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Blog Post 16 February 2021

Low carbon heat pumps: debunking the myths

Households across the UK will need to adopt low carbon heating solutions, such as air source or ground source heat pumps, to help the country reach its net zero carbon emissions target by 2050.

While heat pumps have an important role to play in reducing our dependency on fossil fuels, the technology is still relatively unknown. In a December 2018 survey, just 27% of people were aware of air source heat pumps, rising to 33% for ground source heat pumps.

Here, we address the top five myths surrounding heat pumps to set the record straight on this low carbon technology.

Myth #1: Air source heat pumps are noisy

This is one of the most common myths you’re likely to hear about air source heat pumps.

Today’s heat pumps are no longer the big, bulky and noisy pieces of equipment they were when they first came onto the market. Modern heat pumps are compact, energy efficient and make about as much noise as your refrigerator.

The noise you hear is from the pump’s fan pulling air into the system – if yours is installed correctly by a certified installer, you shouldn’t be able to hear the sound indoors.

Myth #2: Heat pumps are not efficient during cold winters

The ground stays at a fairly constant temperature under the surface – so ground source heat pumps can be used all year round, even during the colder winter months.

The efficiency of an air source heat pumps will gradually reduce as the outside air temperature falls. However, they are still capable of extracting heat from the air when temperatures are as low as -15°C.

Aerial view of UK  homes covered in snow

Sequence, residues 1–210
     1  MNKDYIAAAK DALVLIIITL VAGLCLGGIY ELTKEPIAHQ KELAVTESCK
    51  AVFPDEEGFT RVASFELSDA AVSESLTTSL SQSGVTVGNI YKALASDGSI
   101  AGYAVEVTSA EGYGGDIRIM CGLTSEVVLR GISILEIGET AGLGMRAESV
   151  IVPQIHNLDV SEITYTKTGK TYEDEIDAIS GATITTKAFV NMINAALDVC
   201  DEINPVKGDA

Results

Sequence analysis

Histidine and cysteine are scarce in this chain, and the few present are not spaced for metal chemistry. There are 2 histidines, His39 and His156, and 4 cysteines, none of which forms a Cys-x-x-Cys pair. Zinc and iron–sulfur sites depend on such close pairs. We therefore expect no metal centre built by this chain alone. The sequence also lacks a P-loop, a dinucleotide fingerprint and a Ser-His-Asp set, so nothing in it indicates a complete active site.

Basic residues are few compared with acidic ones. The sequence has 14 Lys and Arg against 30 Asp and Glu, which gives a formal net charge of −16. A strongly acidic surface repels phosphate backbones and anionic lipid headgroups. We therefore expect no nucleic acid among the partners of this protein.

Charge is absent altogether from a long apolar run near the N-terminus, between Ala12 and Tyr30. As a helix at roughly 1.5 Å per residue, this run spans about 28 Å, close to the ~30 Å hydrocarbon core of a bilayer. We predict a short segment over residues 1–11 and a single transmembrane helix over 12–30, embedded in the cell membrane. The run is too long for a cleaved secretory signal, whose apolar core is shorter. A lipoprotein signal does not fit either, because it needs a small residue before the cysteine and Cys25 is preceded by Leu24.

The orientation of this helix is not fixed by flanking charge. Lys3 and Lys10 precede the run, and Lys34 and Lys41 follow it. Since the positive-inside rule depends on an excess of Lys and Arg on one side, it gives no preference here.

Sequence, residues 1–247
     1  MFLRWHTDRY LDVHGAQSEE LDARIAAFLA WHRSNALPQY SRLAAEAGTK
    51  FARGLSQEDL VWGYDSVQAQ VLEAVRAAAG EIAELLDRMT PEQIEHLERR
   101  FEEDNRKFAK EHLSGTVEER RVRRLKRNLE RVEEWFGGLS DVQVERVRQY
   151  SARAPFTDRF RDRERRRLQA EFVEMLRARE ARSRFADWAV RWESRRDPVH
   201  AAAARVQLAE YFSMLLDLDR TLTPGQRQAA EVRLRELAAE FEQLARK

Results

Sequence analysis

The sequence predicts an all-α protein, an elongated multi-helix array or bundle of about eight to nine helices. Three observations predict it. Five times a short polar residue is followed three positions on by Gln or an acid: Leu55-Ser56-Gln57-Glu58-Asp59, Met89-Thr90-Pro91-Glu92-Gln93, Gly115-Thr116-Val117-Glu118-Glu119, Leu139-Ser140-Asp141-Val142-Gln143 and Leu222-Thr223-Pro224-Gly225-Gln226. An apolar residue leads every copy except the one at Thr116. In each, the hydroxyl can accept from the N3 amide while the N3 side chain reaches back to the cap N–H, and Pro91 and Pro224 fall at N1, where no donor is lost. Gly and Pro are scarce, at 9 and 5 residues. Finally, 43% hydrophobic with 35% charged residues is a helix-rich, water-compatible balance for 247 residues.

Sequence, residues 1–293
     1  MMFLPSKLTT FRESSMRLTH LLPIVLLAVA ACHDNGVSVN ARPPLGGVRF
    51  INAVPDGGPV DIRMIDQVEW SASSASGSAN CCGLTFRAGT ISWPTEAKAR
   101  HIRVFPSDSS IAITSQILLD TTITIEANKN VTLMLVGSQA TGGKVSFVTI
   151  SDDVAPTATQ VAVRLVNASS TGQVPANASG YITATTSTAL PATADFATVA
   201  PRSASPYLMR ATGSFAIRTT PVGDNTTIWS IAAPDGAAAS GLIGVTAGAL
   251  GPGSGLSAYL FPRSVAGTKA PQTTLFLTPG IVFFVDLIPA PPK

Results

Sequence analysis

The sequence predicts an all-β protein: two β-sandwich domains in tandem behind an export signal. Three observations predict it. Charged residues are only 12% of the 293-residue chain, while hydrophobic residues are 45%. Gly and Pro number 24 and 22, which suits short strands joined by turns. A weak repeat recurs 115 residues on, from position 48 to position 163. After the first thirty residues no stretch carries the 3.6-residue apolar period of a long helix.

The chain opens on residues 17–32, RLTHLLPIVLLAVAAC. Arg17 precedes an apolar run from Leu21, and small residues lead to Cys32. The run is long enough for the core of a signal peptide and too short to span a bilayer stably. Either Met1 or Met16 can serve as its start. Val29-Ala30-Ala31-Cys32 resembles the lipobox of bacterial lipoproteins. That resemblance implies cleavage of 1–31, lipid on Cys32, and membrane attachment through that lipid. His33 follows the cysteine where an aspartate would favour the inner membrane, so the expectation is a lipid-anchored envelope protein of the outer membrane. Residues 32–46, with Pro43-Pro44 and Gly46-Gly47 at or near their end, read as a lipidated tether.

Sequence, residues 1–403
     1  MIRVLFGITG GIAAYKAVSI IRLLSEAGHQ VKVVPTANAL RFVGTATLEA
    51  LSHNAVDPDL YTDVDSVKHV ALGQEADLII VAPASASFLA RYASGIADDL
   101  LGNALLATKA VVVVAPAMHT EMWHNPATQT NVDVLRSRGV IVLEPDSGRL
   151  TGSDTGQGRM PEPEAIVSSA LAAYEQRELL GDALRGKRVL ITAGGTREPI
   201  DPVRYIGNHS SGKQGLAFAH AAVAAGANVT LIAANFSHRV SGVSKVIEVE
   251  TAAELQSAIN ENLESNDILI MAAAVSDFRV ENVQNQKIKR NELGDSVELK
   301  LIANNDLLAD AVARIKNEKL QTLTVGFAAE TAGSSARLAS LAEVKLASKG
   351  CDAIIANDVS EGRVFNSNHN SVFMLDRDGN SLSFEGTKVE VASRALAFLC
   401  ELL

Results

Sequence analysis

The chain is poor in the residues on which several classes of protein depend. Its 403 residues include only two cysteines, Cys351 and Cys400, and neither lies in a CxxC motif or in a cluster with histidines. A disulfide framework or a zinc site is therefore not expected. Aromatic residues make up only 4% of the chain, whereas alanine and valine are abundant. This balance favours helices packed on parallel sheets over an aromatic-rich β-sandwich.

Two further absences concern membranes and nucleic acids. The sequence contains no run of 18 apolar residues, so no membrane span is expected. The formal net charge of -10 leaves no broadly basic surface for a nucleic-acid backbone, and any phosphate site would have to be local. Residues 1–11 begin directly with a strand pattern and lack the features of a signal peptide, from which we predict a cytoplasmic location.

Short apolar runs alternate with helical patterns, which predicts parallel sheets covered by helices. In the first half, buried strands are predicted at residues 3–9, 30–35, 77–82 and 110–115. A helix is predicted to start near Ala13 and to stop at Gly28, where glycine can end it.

Myth #3: Heat pumps only work with underfloor heating

Both air source and ground source heat pumps are compatible with underfloor heating and radiators – although it may be more efficient if connected to an underfloor heating system.

Larger radiators, which give out heat at lower temperatures over longer periods of time, can help to maximise the benefits of heat pumps. It’s also worth ensuring that you have suitable insulation in your home, as this will help to minimise heat loss.

Myth #4: Heat pumps are too expensive, I can't afford one

The upfront cost of installing a heat pump can be significant. However, there is financial support available in England, Scotland and Wales to help you install a heat pump.

For example, the Home Energy Scotland Loan offers up to £10,000 (£2,500 loan plus £7,500 cashback) to Scottish homeowners, while England’s Green Homes Grant scheme can help cover the cost of installing a heat pump (up to a maximum of £5,000). We have more information on financial support in Wales.

You still have to pay fuel bills with a heat pump because they are powered by electricity, but you’ll save on the fuel you are replacing. And once you’ve installed a heat pump, you may be eligible to apply for the Renewable Heat Incentive, which pays you for the heat you generate.

Myth #5: A heat pump can only be installed in new houses

The UK Government has committed to a target of 600,000 heat pump installations every year by 2028. While the focus is on newbuilds, heat pumps can be installed in most properties – regardless of the type of building or how old it is.

Modern heat pumps can easily be fitted into different property types – from semi-detached houses to high rise flats. While you’ll need some garden space to install a ground source heat pump, air source heat pumps are similar in size to an air conditioner compressor and can be a great solution for retrofitting an older or outdated heating system in your home.

You should always check whether you require planning permission from your local planning authority before installing any new renewable system, especially if you live in a conservation area or listed building.